We’ll (Threaten to) Sue Whoever Georgia Wants to! – by Gary Gibbs


by Gary Gibbs

Robson Communities, creator of the Pebble Creek franchise in Goodyear, has announced plans for a new development immediately west of the active living enclave. To be called The Penal Colony at Pebble Creek, it will consist of anywhere from 1,000 to 5,000 condominiums with minimum to medium style accommodations.

Like Pebble Creek, The Penal Colony will be a gated community and feature highly desirable amenities such as 24 hour private armed security, a meal plan for residents, exercise yard and vocational education classes. “It’s a natural progression, considering recent trends in the housing market,” a Robson spokesman said. “Given what’s happened to the market value of existing properties, people are already prisoners in their own homes. The Penal Colony is intended to capitalize on that trend.”

The Goodyear City Council last week took an official stance in opposition to Robson’s grand plans. “We just don’t think it’s up to the standards of the original Pebble Creek,” sniffed Mayor Georgia Lord, 74, a fixture in the Creeker community. “I’ve directed the city manager and city attorney to explore all legal options to prevent this from happening.”

The city may not need to resort to a court case if it is able to exercise a more potent form of leverage. It would have to approve an extension of water and sewer facilities to the planned development. “If they try to deny us sewage service, the excrement, so to speak, will really hit the fan,” a Robson representative said. Refuse refusal could stop Robson in its tracks, although such a move by the municipality would undoubtedly precipitate filing of a multi-million dollar lawsuit.

“Get in line,” city attorney Rorick Massey said when apprised of that possibility, alluding to the fact that the city is already defending a couple of sizeable suits alleging indiscriminate actions by its vaunted police force and some funky real estate dealings surrounding the ball park.

Joining the city to fight Robson’s plans is the Litchfield Elementary School District. “We believe The Penal Colony would severely compromise parents’ desire to send their children to any school site located directly across from an active living community,” the district’s superintendent said. ”Such places in close proximity to schools just don’t pass any test of common sense. By definition, the people who live there don’t want to have anything to do with children.”

Observers believe the school district’s opposition is genuine and heartfelt, but they are skeptical of the city’s posture. “The city wants to wring all the money it can from taxpayers in order to continue expanding the number and pay of its employees,” one city hall watcher said. “The council’s opposition is so much window dressing. They’ll sell their souls and sell out the citizens if it means more revenue.”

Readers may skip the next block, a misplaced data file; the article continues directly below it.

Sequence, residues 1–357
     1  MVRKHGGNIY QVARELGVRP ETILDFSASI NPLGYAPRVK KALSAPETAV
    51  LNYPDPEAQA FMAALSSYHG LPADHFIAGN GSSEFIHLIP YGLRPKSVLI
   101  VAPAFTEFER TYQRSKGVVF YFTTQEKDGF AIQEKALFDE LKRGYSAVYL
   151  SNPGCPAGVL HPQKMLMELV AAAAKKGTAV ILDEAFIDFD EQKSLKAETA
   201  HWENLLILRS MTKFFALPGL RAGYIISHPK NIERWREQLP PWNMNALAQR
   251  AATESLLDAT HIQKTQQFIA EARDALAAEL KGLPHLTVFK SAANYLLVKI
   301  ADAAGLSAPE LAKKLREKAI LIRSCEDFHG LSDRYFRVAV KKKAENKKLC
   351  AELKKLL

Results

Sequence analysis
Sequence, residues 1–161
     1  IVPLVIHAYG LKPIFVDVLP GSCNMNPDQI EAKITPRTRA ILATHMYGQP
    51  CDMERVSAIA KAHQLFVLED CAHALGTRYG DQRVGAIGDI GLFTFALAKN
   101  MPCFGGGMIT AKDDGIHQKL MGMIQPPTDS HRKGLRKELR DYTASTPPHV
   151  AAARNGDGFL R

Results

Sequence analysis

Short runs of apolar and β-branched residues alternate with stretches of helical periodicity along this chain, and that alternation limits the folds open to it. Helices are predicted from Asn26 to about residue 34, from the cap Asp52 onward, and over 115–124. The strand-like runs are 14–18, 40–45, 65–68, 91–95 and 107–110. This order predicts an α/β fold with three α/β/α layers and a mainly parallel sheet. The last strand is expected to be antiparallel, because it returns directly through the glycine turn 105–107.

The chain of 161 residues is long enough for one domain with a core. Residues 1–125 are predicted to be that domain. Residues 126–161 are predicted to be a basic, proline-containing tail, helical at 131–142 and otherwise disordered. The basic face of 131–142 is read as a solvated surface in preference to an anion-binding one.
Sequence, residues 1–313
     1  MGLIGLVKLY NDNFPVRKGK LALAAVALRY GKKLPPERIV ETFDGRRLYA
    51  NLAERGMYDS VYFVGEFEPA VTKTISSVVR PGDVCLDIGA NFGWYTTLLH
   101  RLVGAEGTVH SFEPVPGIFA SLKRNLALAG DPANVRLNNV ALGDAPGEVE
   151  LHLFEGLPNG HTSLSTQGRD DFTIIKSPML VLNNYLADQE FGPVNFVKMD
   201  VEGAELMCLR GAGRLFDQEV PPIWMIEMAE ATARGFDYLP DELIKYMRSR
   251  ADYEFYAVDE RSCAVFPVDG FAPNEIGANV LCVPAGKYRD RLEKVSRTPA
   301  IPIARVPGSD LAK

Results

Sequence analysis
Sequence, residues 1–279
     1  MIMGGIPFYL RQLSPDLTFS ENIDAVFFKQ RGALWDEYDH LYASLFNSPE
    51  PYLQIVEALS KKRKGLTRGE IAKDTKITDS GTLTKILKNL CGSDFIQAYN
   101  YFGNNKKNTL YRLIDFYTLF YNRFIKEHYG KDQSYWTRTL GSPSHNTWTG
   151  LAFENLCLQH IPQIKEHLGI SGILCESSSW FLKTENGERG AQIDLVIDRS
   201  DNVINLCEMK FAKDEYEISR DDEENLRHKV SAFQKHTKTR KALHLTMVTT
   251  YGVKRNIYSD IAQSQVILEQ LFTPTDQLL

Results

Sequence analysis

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6 Responses

  1. Gary, Gated communities of all kinds are their own prisons, many with HOA’s that disregard the Constitution. One small group sits in judgment of all and determines your fate. Interesting article.

    • p.s. I’m for open neighborhoods designed around pedestrian oriented streets with shops, restaurants, and small retail businesses like the charming 19th towns with living space about the businesses.

  2. Why does it seem that after this last city council election PebbleCreek has become the laughing stock of Goodyear? Geeeez

  3. Very entertaining…

  4. Editor’s note. I had to edit this comment from Mr. Koch (former mayor of NYC, we get it) due to bad language. I’ll allow him to comment further if he wants if he can control his name calling and stick to the issues and facts.

    Very witty article and so funny. HA!

    Consider this:

    The Missouri State Penitentiary was within .5 miles of the Missouri Governor’s Mansion, .7 miles from the Missouri State Capitol and less than .5 miles from the nearest elementary school. Homes were also across the street from the prison.

    Since Mr. Robson built PebbleCreek around 1990, the Perryville Prison existed before your elitist enclave. Perhaps you should ask Mr. Robson why he built such a high class development for exclusive people ______ so close to an existing prison. Why did you buy a home so close to an existing prison? You seem to be well informed about your community, in your own far-sighted way, but you didn’t know there was a prison within 3 miles of your house? Does PebbleCreek want to break away from Goodyear and create a kingdom?

    Don’t you have another subject in which to complain? Why there aren’t ________? Why your neighbor plays Johnny Mathis so loud at 6pm when you’re trying to sleep?

    By the way you spelled the name of your development wrong. There’s no space in PebbleCreek.

  5. Ah, spelling. Going forward, I think I’ll spell it Pebble Creak.

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